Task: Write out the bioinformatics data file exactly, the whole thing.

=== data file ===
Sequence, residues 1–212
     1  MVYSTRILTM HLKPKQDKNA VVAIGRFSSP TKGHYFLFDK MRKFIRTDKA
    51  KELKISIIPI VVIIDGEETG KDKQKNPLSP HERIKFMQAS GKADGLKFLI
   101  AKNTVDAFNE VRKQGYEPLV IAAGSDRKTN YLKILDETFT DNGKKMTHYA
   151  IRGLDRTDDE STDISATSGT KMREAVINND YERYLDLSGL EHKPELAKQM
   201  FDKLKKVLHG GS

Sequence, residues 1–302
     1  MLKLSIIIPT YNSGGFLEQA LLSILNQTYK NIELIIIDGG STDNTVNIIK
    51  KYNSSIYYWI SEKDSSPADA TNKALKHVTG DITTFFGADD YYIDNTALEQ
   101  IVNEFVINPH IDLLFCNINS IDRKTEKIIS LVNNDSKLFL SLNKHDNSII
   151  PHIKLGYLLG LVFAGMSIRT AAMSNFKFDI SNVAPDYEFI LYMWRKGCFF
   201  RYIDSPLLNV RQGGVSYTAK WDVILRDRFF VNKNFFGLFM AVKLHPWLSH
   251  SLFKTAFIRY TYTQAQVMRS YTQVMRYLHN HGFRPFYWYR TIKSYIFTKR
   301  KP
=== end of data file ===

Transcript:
Sequence, residues 1–212
     1  MVYSTRILTM HLKPKQDKNA VVAIGRFSSP TKGHYFLFDK MRKFIRTDKA
    51  KELKISIIPI VVIIDGEETG KDKQKNPLSP HERIKFMQAS GKADGLKFLI
   101  AKNTVDAFNE VRKQGYEPLV IAAGSDRKTN YLKILDETFT DNGKKMTHYA
   151  IRGLDRTDDE STDISATSGT KMREAVINND YERYLDLSGL EHKPELAKQM
   201  FDKLKKVLHG GS

Sequence, residues 1–302
     1  MLKLSIIIPT YNSGGFLEQA LLSILNQTYK NIELIIIDGG STDNTVNIIK
    51  KYNSSIYYWI SEKDSSPADA TNKALKHVTG DITTFFGADD YYIDNTALEQ
   101  IVNEFVINPH IDLLFCNINS IDRKTEKIIS LVNNDSKLFL SLNKHDNSII
   151  PHIKLGYLLG LVFAGMSIRT AAMSNFKFDI SNVAPDYEFI LYMWRKGCFF
   201  RYIDSPLLNV RQGGVSYTAK WDVILRDRFF VNKNFFGLFM AVKLHPWLSH
   251  SLFKTAFIRY TYTQAQVMRS YTQVMRYLHN HGFRPFYWYR TIKSYIFTKR
   301  KP